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Title: Random Matrix Models, Non-intersecting random paths, and the Riemann-Hilbert Analysis Speaker: Andrei Martínez-Finkelshtein, Universidad de Almería Almería, SPAIN Time: 3:00pm‐4:00pm Place: NES 103

Random matrix theory (RMT) is a very active area of research and a great source of exciting and challenging problems for specialists in many branches of analysis, spectral theory, probability and mathematical physics. The analysis of the eigenvalue distribution of many random matrix ensembles leads naturally to the concepts of determinantal point processes and to their particular case, biorthogonal ensembles, when the main object to study, the correlation kernel, can be written explicitly in terms of two sequences of mutually orthogonal functions.

Another source of determinantal point processes is a class of stochastic models of particles following non-intersecting paths. In fact, the connection of these models with the RMT is very tight: the eigenvalues of the so-called Gaussian Unitary Ensemble (GUE) and the distribution of random particles performing a Brownian motion, departing and ending at the origin under condition that their paths never collide are, roughly speaking, statistically identical.

A great challenge is the description of the detailed asymptotics of these processes when the size of the matrices (or the number of particles) grows infinitely large. This is needed, for instance, for verification of different forms of “universality” in the behavior of these models. One of the rapidly developing tools, based on the matrix Riemann-Hilbert characterization of the correlation kernel, is the associated non-commutative steepest descent analysis of Deift and Zhou.

Without going into technical details, some ideas behind this technique will be illustrated in the case of a model of squared Bessel nonintersecting paths.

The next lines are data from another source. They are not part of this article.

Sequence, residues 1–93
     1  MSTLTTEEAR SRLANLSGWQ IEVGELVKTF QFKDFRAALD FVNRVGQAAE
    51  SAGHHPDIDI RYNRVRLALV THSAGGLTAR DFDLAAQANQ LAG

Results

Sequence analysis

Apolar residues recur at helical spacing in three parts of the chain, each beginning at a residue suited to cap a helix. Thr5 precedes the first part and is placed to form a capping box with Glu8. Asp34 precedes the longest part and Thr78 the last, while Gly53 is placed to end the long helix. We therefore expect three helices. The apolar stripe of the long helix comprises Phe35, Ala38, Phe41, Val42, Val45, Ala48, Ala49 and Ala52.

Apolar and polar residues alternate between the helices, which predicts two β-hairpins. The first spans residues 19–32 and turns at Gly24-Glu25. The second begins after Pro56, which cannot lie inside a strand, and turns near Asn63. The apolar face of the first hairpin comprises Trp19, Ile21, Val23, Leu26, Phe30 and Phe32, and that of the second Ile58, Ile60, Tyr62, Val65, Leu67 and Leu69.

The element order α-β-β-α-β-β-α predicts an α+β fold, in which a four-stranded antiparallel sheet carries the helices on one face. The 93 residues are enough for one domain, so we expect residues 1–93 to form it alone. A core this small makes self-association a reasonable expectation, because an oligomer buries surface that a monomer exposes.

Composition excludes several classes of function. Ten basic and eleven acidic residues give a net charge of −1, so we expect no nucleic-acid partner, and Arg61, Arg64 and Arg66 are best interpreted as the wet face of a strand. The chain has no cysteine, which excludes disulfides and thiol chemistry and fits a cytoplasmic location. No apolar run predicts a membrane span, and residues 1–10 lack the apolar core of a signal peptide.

Title: Random Matrices, Integrable Wave Equations, Determinantal Point Processes: a Swiss-Army Knife Approach Speaker: Marco Bertola, Concordia University Time: 3:00pm‐4:00pm Place: CMC 130

Random Matrix models, nonlinear integrable waves, Painlevé transcendents, determinantal random point processes seem very unrelated topics. They have, however, a common point in that they can be formulated or related to a Riemann-Hilbert problem, which then enters prominently as a very versatile tool. Its importance is not only in providing a common framework, but also in that it opens the way to rigorous asymptotic analysis using the nonlinear steepest descent method. I will briefly sketch and review some results in the above-mentioned areas.

Title: Virtual Endomorphisms of Groups Speaker: Said Sidki, Universidade de Brasilia Time: 3:00pm‐4:00pm Place: CMC 130

A virtual endomorphism of a group \(G\) is a homomorphism \(f:H\rightarrow G\) where \(H\) is a subgroup of \(G\) of finite index \(m\). A recursive construction using \(f\) produces a so-called state-closed (or, self-similar in dynamical terms) representation of \(G\) on a \(1\)-rooted regular \(m\)-ary tree. The kernel of this representation is the \(f\)-\(\mathrm{core}(H)\); i.e., the maximal subgroup \(K\) of \(H\) which is both normal in \(G\) and is \(f\)-invariant, in the sense that \(K^{f}\leq K\).

Examples of state-closed groups are the Grigorchuk \(2\)-group and the Gupta-Sidki \(p\)-groups in their natural representations on rooted trees. The affine group \(\mathbb{Z}^{n}\mathrm{GL}(n,\mathbb{Z)}\) as well as the free group \(F_{3}\) in three generators admit faithful state-closed representations. Yet another example is the free nilpotent group \(G=F(c,d)\) of class \(c\), freely generated by \(x_{i}\) \((1\leq i\leq d)\): let \(H=\left\langle x_{i}^{n}(1\leq i\leq d)\right\rangle\) where \(n\) is a fixed integer greater than \(1\) and \(f\) be the extension of the map \(x_{i}^{n}\rightarrow x_{i}\) \((1\leq i\leq d)\).

We will discuss state-closed representations of general abelian groups and of finitely generated torsion-free nilpotent groups.

Title: The Interactions of Solitons in the Novikov-Veselov Equation Speaker: Jen-Hsu Chang, UC Riverside and National Defense Univ., Taiwan Time: 3:00pm‐4:00pm Place: CMC 130